JP Morgan Chase CEO Offers Poor Explanation for Robosigning
Excuse me Jamie. Mr. Dimon, hello?
Do you really still think we’re fools?
How else can you explain your half-hearted apology over JP Morgan’s part in the robosigning scandal?
The CEO of JP Morgan Chase made some efforts towards reconciliation in his annual letter to shareholders, which is now out for all to see.
But it’s clear that Jamie Dimon is still delusional and suffers a full blown case of pass-the-buck disease, for which, apparently, there is no cure.
In the section titled “The Mortgage Business — The Good, The Bad and The Ugly” (He should have just left out the first two) Dimon admits to JP Morgan Chase’s shareholders that his companies ‘servicing operations left a lot to be desired’
He adds his company ‘made too many mistakes’ and that the it was ‘not our finest hour’.
Let’s be honest, it was your worst hour and your lasting legacy.
Here’s the problem Mr. Dimon. You didn’t just make a mistake. If I forget to buy milk on the way home, that’s a mistake. Your company, your officers and your top executives all suborned fraud forgery and perjury, all federal crimes.
Robosigning was more that just, as you put it, ‘paperwork errors’.
Everyone from the tippy-top of your company on down, encouraged this kind of illegal activity to happen, in fact it became part of the operating procedures of your company! You just farmed it out.
Why not just own up to the homeowners, the taxpayers and your shareholders. You’ve been caught with your hand in the cookie jar, I can still see the bruise.
In Dimon’s eyes, his bank was far from the worst offender, as if that makes it all right.
“We were one of the better actors in this situation – but not good enough,” he says.
Dimon is actually ‘nice enough’ to admit his signers “did not have personal knowledge about what was in the affidavits” but still claims that their information was “largely accurate — i.e, the borrower in fact, was in default, we did have the mortgage and so on.”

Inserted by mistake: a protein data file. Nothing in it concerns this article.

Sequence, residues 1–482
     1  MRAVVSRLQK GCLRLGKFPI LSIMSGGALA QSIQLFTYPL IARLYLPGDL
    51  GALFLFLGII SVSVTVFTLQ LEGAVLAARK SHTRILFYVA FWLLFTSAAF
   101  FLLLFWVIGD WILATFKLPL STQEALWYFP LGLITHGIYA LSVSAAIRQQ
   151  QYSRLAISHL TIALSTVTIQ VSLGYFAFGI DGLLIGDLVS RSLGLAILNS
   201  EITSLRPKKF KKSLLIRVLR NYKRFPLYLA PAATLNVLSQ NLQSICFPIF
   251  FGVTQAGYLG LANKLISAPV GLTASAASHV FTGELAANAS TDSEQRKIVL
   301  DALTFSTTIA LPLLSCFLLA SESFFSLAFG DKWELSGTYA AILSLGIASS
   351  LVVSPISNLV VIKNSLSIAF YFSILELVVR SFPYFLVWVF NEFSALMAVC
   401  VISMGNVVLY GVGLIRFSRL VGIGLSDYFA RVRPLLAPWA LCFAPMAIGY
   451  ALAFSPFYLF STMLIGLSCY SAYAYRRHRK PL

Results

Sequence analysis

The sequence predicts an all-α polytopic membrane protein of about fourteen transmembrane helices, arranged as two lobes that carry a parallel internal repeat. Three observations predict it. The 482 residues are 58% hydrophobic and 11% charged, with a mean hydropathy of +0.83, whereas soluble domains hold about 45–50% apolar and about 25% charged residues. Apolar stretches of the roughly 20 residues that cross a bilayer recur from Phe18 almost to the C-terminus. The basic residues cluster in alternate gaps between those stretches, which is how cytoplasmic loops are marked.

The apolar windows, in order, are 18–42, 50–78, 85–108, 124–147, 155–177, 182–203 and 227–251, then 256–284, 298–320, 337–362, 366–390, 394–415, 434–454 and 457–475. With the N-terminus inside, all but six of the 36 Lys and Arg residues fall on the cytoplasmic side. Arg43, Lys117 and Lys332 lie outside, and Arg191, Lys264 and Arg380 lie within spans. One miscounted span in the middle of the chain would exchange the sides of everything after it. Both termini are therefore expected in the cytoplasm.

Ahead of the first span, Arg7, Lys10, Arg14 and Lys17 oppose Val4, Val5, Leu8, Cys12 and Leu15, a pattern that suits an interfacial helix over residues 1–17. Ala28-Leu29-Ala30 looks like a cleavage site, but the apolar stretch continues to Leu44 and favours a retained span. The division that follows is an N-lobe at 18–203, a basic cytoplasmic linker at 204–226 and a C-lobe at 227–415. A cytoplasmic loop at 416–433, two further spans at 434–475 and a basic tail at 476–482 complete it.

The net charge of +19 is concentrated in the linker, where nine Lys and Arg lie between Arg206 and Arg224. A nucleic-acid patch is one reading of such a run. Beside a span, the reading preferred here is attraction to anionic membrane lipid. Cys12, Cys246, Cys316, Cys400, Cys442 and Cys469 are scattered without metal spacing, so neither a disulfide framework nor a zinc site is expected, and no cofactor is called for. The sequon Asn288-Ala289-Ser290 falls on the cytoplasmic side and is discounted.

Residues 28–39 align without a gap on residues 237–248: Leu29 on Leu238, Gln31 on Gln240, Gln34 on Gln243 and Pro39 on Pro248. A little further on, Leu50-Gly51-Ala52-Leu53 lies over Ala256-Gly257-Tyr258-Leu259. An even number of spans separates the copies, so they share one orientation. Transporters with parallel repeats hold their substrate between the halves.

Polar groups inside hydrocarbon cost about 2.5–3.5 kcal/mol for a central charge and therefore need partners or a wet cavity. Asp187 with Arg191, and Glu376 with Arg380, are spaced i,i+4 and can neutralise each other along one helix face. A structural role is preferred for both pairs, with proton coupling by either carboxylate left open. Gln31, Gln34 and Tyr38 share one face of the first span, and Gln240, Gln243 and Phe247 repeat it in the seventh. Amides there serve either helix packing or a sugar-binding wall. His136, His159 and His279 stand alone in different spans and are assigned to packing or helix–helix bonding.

Baloney. Do I need to show you my case files?
In many, many cases, JP Morgan didn’t have the paperwork, didn’t have standing, and made a mockery of the judicial system, turning the courts into their own private collection agency.
In his letter to shareholders, Dimon narrowly defines an ‘improper’ foreclosure (ie — Illegal) as one where the ‘borrower was misled about significant loan terms or fees or interest rates that were higher than they should have been’ or ‘one in which the homeowner did not owe the money or was not in default.’
Again he’s forgetting how the banks misused the legal system and denied homeowners their due process in order to foreclose.
Jamie you turned our constitutional democracy into a banana republic, and your continued indignation just proves that there is no other option but to break up your bank, as well as the banks of your peers, just as the Dallas Fed has suggested.
JP Morgan Chase owes trillions of dollars in liabilities. If you were to mark down all of of your assets to the market value today, JP Morgan Chase would become a broken insolvent institution.
But the fact is Mr. Dimon, is that you’ve played this little shell game with your shadow inventory (an inventory you acknowledge in your letter) dragging it out, so you don’t have to write down your assets.
It’s bogus, and I’m calling you out.